In association with the “Lessons from the field: Confronting the challenges of health research in humanitarian crises” collection in BMC Public Health and Conflict and Health, Fogarty’s Center for Global Health Studies (CGHS) will host an online launch event May 17 – 20, 2021.
This virtual event will take place in four sessions over four days. Each session will be 90 minutes, and participants will have the option of joining an additional 30-minute breakout discussion and networking session at the end. The events will feature case study authors, Steering Committee members, and experts in the field. The events will help audiences understand best how to utilize the case studies for educational, training and other purposes, as well as highlight the importance of conducting research in the context of humanitarian crises and share some common themes, strategies and lessons learned.
Each session will be held at 9 am EDT (Washington, D.C.) | 4 pm (Nairobi) | 7 pm (Dhaka) to accommodate as many time zones as possible. This event is open to the public. Participants must register in advance for each session individually.
The Transformative Disaster Risk Governance Webinar Series at York University is continuing with a session on Humanitarian ethics: moral purpose and moral hazard. The keynote is Prof. Hugo Slim, followed by a panel discussion with Professors Peter Timmerman and Nergis Canefe from York University, as well as a Q&A session with the audience.
This seminar, chaired by HHE’s Dr. Lisa Schwartz will explore the response to COVID-19 and the need for rapid research to develop vaccines, treatments and other kinds of urgently needed knowledge. Previous public health emergencies have demonstrated that good community engagement helps move research forward, ensures it is feasible, relevant, and accepted, and that its findings are taken up. But how can it be done quickly, and in the midst of lockdowns? On this webinar we will explore these questions, and hear from the experts how to bring Good Participatory Practices to COVID-19 research.
Refugees and many migrants suffer from limits on their abilities to move around the world, even in pressing or urgent circumstances. They are often forced to leave their homes for reasons beyond their control, including war and civil unrest, political and religious persecution, economics, or famine and other natural or man-made disasters. Once displaced, whether internally or externally, they face pressing needs for food, water, shelter, and health care. Local governments, international agencies and non-governmental organizations often struggle with providing for their needs, particularly in resource-poor regions of the world. Recent socio-political changes in the United States, Western Europe and elsewhere have placed additional restrictions on the rights of migrants and refugees.
To explore these and overlapping issues, in solidarity with these refugees and migrants, on June 15th, 16th, 17th and 18th 2020, 7 am – 9 am Eastern Standard Time, we hosted a no-travel virtual conference to explore the ethical, legal, philosophical, and social issues associated with refugee and migrant health in a world of economic, geopolitical, and psychological borders.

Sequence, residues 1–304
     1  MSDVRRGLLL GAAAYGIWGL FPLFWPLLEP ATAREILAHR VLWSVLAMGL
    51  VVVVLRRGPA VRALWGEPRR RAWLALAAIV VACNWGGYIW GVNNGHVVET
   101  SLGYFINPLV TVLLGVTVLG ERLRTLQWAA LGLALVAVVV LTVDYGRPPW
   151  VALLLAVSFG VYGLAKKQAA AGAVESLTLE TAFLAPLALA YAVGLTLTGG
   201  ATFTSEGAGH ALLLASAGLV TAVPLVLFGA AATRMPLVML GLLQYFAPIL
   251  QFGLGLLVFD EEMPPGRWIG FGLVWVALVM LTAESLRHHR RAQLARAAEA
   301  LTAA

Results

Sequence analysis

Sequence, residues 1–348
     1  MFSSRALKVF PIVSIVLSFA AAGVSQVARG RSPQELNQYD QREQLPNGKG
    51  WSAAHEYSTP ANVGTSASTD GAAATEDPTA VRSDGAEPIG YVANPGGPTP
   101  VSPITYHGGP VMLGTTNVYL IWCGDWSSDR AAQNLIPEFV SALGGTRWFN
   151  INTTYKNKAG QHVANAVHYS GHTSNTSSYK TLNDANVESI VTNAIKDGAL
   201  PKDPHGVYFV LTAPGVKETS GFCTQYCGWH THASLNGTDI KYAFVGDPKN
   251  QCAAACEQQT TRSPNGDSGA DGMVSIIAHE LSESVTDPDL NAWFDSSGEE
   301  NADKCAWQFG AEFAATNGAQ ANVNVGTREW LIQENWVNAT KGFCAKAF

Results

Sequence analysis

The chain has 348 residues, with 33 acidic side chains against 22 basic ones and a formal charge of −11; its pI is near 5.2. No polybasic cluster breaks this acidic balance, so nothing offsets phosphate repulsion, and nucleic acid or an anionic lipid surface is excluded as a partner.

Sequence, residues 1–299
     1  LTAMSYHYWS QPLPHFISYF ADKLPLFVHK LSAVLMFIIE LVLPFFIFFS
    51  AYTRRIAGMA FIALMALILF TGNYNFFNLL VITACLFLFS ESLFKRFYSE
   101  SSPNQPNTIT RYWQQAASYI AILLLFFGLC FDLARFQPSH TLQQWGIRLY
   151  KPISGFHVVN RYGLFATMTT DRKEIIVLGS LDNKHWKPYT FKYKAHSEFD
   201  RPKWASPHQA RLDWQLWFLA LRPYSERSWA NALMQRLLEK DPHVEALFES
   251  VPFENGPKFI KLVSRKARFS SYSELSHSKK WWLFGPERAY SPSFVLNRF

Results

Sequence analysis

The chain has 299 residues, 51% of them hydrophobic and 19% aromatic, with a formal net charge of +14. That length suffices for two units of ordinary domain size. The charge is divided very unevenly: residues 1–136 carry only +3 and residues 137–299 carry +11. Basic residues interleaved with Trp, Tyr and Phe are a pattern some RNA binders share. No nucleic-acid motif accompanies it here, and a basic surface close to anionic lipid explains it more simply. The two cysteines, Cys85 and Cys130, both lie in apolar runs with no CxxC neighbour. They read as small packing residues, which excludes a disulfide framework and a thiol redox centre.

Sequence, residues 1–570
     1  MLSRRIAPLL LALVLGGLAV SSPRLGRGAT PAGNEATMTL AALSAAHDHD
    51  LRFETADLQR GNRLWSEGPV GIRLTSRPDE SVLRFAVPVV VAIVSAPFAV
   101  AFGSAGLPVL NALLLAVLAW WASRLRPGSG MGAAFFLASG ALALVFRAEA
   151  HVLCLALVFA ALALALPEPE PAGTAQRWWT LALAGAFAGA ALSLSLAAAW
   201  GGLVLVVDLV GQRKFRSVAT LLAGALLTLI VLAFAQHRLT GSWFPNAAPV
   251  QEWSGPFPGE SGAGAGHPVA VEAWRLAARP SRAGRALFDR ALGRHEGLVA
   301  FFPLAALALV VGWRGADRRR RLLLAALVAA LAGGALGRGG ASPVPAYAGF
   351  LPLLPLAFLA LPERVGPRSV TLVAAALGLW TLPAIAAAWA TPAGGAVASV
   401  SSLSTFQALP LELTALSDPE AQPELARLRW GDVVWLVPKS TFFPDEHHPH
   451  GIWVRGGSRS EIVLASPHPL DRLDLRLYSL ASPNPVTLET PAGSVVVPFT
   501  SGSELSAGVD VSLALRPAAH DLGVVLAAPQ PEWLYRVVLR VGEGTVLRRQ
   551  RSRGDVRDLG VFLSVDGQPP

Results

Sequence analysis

In the coming weeks and months, this website will be updated with more information from the conference. Please note that the submission must be made before May 1st , 2020.
If you have any questions about the conference, want to register and/or participate, please send an email to email@example.com
On March 14, McMaster’s Department of Health Research Methods, Evidence and Impact hosted its annual Research Day.
The HHErg was well represented this year with two poster presentations (below) and an oral presentation entitled, “Dying in the Margins: Palliative Care, Humanitarian Crises and the Intersection of Global and Local Health Systems.”
Elysée Nouvet, Ph.D., Assistant Professor, The Africa Institute, Western University, Ontario, Canada;
conducted research in West Africa on the 2014-2016 Ebola outbreak
More about the conference:
The Post-Research Ethics Analysis (PREA) project is funded by r2hc to address ethical issues in humanitarian research.
One output is a practical tool to facilitate reflection on and learning from ethical issues arising during humanitarian research. The tool will be launched at the conference, along with keynote lectures, accepted paper and poster presentations, and structured conversations between humanitarian researchers and ethicists.
Thursday, December 6, 2018 Dr. Lisa Schwartz Arnold L. Johnson Chair, Health Care Ethics; Professor, Health Research Methods, Evidence and Impact, McMaster University “Ethics, Obstacles and Palliative Care in Humanitarian Settings” MDCL 3020 – 4:30-6:30PM
Other speakers and dates:
Monday October 22, 2018 Dr. Govindakarnavar Arunkumar
Professor & Head, Nodal Officer (Influenza Lab), Manipal Centre for Virus Research, Manipal Academy of Higher Education “Nipah Virus: An Emerging Pandemic” MDCL 3020 – 4:30-6:30PM
Thursday November 22, 2018 Dr. Stuart MacLeod Professor Emeritus, Pediatrics, University of British Columbia “New Approaches to Improving Therapeutic Choices for Children: A Global Health Priority” MDCL 3020 – 4:30-6:30PM